I don't know, but one of the fun things about Greek is that they have a different way of looking at time and causality. If someone asks you "πείνασες;" they mean "are you hungry?" although it's actually a past form (lit. "did you get hungry?". Same with "thirsty" and "tired" (δίψασες, κουράστικες) - I could be wrong about the details (happy to be corrected) but that's the basic idea.
Just a comment for the developers: The word πλημμύρισε is hard to memorize with its three different ways of representing the /i/ sound and its double consonant...I frequently miss this one because I write πλημίρισε, πλιμύρησε, πλιμήρισε or some other variation which sounds the same and it always marks me wrong...I know technically it is misspelled, but usually the program just marks it right while notifying you of the correct spelling...here it is being very strict...
Interesting. As an American, I don't use soil to mean get dirty, but there are so many variants in this country that it wouldn't surprise me. I get dirty digging dirt.
Soil for me is for discussing the quality of it: sandy, clay, moist, loamy, dry, mostly talking about the garden and what will grow there.
Dirt is where I dig holes, a dirt road or neighborhood play area without much grass (that turns to mud when it floods.)
Ground is the surface, which might be dirt, grass, stony, rocky, covered with cement... Grounds are property, usually the park around a large house, a sports field or the link.
I think there are lots of new sentences. They have to work out all the variations in translation. We should just offer our suggestions. I know it's frustrating getting things wrong. I've noticed that it's stricter. I don't know if it's because variations haven't been included or if it's new Duo policy. I'm constantly getting dinged for not typing the y of 'they', which i think is a cellphone typing issue. I've just gotten used to that one.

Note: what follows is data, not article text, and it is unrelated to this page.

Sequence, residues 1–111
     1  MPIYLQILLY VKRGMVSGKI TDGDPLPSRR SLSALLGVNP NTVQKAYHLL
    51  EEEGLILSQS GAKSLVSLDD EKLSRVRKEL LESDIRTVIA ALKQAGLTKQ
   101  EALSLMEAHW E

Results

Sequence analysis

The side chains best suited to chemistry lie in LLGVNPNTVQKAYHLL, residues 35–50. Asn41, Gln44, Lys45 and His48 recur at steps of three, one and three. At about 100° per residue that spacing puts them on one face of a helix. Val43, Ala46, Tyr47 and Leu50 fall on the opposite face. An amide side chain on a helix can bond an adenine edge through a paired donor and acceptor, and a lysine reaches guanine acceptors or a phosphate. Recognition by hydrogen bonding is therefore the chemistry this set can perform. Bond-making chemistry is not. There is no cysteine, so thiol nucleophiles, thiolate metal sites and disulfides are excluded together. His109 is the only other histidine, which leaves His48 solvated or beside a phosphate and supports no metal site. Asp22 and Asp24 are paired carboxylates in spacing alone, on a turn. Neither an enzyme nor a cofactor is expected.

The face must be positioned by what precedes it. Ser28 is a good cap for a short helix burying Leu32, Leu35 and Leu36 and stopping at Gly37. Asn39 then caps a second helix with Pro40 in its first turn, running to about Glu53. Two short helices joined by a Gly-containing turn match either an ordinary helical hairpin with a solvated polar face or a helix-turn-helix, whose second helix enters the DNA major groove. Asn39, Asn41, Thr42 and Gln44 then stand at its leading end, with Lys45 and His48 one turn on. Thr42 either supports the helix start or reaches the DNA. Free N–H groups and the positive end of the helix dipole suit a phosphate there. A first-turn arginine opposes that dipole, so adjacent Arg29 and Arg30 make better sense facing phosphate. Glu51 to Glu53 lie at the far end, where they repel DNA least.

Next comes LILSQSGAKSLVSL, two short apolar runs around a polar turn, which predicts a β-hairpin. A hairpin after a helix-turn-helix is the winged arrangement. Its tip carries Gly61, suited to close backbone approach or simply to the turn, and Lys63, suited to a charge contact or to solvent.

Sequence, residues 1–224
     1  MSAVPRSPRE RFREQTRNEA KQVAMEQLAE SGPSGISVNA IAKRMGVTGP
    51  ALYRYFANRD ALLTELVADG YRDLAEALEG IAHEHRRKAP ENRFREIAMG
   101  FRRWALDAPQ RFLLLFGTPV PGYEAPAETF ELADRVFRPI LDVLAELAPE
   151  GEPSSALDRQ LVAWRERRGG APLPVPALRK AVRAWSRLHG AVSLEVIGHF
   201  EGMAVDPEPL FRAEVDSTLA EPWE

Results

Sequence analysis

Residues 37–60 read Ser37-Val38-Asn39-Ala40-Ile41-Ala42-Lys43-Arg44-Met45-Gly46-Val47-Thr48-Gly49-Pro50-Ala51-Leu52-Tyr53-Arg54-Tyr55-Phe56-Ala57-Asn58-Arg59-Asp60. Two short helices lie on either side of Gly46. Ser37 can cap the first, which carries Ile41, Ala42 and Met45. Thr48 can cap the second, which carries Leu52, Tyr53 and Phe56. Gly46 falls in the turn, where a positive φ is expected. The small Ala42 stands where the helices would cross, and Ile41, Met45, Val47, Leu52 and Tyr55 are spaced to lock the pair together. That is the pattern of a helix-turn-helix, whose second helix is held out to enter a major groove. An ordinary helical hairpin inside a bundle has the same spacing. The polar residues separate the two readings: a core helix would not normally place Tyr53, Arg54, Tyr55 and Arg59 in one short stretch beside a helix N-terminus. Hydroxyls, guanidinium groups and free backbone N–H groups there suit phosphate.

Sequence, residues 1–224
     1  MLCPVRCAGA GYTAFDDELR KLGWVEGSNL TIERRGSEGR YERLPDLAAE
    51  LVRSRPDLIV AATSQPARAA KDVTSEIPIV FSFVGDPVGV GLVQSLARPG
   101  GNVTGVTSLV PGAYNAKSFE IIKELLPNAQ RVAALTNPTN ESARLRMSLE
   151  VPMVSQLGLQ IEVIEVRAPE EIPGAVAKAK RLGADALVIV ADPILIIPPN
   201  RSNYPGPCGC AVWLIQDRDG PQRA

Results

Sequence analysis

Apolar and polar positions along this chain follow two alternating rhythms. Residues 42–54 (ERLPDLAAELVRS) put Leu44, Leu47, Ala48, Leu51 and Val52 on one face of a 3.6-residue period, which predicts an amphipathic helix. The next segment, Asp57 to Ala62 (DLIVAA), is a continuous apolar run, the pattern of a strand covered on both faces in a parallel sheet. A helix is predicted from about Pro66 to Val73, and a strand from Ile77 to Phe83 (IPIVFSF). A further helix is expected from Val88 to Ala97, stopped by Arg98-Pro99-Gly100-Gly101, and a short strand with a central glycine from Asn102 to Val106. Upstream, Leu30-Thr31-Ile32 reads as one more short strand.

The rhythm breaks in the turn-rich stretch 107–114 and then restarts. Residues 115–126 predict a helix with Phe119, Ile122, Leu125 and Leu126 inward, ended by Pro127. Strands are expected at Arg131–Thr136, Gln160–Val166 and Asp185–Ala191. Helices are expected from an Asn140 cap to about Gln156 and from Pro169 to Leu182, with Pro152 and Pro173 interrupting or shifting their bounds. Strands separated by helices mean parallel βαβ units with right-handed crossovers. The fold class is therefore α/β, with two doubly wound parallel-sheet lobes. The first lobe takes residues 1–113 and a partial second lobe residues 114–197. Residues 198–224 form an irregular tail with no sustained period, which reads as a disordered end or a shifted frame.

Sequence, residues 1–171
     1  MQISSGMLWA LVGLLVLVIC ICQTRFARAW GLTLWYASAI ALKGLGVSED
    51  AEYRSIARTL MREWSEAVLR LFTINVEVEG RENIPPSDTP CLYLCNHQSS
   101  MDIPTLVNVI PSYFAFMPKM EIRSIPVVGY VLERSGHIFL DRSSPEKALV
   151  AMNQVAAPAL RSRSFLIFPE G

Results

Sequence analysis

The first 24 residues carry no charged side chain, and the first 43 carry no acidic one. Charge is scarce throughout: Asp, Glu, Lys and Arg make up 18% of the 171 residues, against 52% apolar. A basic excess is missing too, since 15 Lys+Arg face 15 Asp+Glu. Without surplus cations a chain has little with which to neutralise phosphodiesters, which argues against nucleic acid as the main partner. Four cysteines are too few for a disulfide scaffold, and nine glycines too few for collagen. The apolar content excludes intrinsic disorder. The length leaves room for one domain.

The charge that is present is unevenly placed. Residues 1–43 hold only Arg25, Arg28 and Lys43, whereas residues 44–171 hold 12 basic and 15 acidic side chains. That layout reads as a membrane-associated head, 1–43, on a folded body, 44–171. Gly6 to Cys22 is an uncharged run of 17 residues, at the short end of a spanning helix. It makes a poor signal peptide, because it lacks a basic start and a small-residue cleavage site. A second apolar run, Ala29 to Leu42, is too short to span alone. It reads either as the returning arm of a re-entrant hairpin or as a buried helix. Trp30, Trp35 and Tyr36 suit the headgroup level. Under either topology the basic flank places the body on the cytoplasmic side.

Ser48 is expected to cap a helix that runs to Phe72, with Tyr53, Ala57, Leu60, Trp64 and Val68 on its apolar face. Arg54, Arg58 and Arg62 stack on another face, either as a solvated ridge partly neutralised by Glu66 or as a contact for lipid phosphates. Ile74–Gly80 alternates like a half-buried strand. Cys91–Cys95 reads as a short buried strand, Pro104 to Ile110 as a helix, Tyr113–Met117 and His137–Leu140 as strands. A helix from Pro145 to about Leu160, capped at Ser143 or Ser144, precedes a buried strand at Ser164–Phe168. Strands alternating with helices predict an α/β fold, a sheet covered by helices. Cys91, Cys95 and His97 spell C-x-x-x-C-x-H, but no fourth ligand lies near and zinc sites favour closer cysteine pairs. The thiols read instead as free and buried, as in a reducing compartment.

Mizinamo - I guess I think of ´flooded' as a verb rather than as an adjective. To me ´was flooded´ describes something that happened, rather than the resulting condition. So ´was flooded yesterday´ to me means that the event happened yesterday, rather than that the condition existed yesterday. Nothing in the Greek sentence tells me that the water is still there today.
FWIW take a look at my comment above from a year ago. When somebody asks you δίψασες ? they mean 'fancy a cold one ? (i.e. are you thirsty NOW) — although literally it means 'did you become thirsty (at some unspecified time in the past) ? It's a different way of looking at time.
Are you using the Drop Down Hints?
If you pass your cursor over a word you will see what the translation is.
Greek to English
το -> the
έδαφος -> ground
πλημμύρισε -> flooded
Copy each of those words in the order they are given and you will have the right translation. Do that for every sentence and it will be muchο easier.
From English to Greek you will see:
the -> the
ground -> έδαφος
Check these out:
TIPS TO MAKE LEARNING EASIER + HOW TO REPORT A PROBLEM
And check out the Greek Forum here with more links.